autism spectrum disorder
I can honestly say that I've lost count of the number of times I have changed my son Brody's nappy in our car boot. Trying to shield him from passers-by, some of whom almost tut at the fact that I'm doing it. Like I want to be doing it.
Although, I wish so much Brody that we could have walked that path to your local school together, I know that your new school will take great care of you. I know that you'll meet lots of other boys and girls just as special as you are. And I know that you will continue to develop and amaze us - taking everything at your own pace, surrounded by love from people who care.
There are so many people, like Naoki and myself, who are struggling to find a way to live with enormous challenges. Together, I hoped we might be able to help and guide people in today's world, because disability, disease, accident and bereavement are life-changing events that we all have to face.
My daughter, Ava, was just shy of three years old when she received her autism diagnosis. I remember sitting in our developmental pediatrician's office and hearing the word "autism" leave her mouth with a sense of unforgettable finality. As a mother, I was at a loss. But three years later, that early diagnosis has changed everything for the better.
I on the other hand, wondered what the shitting hell had happened to me. My body had been violated, I was exhausted and all of a sudden I had to deal with this crying seven pound bundle of skin and hair. I wondered where my motherly instinct had pissed off to and why I had no idea as to what type of cry my baby was making. Please tell me I am not the only one who could not decipher, hungry, tired, sick and bored cries?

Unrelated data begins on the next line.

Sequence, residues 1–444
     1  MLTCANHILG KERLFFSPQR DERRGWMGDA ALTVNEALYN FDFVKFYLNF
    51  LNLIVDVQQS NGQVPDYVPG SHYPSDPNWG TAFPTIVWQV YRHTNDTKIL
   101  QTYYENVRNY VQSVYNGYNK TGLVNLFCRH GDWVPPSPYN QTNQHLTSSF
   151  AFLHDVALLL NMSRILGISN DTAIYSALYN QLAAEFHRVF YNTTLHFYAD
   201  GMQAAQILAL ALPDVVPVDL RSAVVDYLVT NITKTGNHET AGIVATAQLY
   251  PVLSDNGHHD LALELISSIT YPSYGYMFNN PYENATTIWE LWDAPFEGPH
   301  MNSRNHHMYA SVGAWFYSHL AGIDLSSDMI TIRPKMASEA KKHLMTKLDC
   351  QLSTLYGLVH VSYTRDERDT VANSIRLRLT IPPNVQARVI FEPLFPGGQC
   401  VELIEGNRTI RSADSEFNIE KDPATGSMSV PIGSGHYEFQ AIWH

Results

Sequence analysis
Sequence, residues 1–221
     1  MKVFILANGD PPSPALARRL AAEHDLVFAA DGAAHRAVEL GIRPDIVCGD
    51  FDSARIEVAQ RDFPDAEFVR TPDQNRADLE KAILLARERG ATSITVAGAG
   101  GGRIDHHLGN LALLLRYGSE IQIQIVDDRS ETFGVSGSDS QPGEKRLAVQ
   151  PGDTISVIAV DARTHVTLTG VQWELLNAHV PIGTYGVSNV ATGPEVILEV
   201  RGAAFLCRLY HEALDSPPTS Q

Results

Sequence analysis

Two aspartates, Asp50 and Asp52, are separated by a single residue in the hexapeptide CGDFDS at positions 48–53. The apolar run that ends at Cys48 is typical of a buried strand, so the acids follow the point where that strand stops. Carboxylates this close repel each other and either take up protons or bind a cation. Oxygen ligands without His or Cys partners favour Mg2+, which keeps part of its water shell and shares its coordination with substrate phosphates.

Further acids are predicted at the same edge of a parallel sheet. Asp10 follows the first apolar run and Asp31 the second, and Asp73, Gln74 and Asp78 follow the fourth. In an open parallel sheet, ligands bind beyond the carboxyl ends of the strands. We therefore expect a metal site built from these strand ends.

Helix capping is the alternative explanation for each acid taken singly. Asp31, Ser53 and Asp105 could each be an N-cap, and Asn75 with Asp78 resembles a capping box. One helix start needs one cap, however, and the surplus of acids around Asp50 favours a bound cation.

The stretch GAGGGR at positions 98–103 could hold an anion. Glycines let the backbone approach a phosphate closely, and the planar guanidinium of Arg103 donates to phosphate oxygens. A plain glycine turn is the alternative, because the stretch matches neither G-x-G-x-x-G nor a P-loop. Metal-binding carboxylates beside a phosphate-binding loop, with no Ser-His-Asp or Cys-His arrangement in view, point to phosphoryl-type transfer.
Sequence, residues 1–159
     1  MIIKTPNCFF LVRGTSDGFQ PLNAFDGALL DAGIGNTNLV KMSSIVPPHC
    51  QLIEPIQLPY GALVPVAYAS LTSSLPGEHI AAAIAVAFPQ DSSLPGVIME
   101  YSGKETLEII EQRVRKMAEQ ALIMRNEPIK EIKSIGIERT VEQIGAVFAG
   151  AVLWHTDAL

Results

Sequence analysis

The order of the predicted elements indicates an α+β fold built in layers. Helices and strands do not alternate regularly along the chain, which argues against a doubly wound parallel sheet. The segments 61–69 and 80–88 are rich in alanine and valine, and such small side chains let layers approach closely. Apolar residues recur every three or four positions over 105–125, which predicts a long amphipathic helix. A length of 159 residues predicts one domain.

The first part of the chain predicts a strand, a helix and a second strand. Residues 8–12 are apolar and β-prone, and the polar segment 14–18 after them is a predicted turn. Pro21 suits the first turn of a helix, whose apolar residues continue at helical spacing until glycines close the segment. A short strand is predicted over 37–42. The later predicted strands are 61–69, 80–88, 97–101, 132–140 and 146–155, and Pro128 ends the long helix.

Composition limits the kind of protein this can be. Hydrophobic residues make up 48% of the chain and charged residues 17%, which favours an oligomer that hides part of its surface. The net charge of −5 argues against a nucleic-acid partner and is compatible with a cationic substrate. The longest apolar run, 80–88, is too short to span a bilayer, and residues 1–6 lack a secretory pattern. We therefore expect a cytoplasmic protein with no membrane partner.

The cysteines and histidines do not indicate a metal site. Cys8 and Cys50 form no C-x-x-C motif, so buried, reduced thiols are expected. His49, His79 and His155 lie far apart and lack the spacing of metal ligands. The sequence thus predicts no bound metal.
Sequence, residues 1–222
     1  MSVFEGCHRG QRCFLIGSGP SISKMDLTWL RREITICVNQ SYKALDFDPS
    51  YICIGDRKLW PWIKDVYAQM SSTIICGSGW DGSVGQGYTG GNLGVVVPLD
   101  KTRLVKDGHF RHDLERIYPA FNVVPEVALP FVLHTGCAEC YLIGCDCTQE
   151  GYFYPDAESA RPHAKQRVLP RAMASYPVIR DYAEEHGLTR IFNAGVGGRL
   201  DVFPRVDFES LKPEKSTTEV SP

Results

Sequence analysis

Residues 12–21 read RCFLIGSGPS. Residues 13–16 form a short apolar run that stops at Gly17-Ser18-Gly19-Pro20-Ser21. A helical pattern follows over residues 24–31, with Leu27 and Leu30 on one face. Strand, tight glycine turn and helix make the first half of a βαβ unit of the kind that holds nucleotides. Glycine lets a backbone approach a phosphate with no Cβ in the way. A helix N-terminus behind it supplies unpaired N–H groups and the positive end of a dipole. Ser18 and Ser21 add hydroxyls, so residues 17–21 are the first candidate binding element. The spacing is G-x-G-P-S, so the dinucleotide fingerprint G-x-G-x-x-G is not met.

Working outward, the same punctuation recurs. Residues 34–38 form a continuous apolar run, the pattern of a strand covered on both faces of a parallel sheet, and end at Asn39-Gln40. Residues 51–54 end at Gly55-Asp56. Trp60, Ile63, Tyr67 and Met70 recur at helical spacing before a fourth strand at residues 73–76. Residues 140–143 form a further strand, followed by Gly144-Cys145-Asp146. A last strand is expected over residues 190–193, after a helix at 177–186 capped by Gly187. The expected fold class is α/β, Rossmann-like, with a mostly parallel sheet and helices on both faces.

But it's also oh so bittersweet, like so many things, because I think of how easy she has it compared to our five year old son, Brody, who struggles to tell us what he wants constantly because of a learning disability and autism.
I felt angry at nobody other than myself; I should have pushed harder so that it hadn't got to this stage. The person who needs me most, I had let down badly and no matter how many supportive words of there being nobody who could fight harder for this boy, it does not soothe the pain I feel right now.
It was only as time moved on -- when we realised that Brody had various disabilities and I had the opportunity to meet more doctors, therapists and mums walking similar paths-- that I discovered sensory issues was a thing. And that it was known to many as sensory processing disorder (SPD).
The autistic spectrum is very similar. People who also suffer from social anxiety often suffer the same feelings and situations. We don't understand a lot that other people seem to. Often we're just referred to as 'a bit weird'.
Now that Brody is nearly 5, I have finally got used to the fact that Global Development Delay (GDD) doesn't mean "may catch up" for us. It's forever. And because he is still primarily undiagnosed, despite an autism and epilepsy diagnosis (as well as a few others), GDD seems to be moving on to a new "catch all" term - learning disability.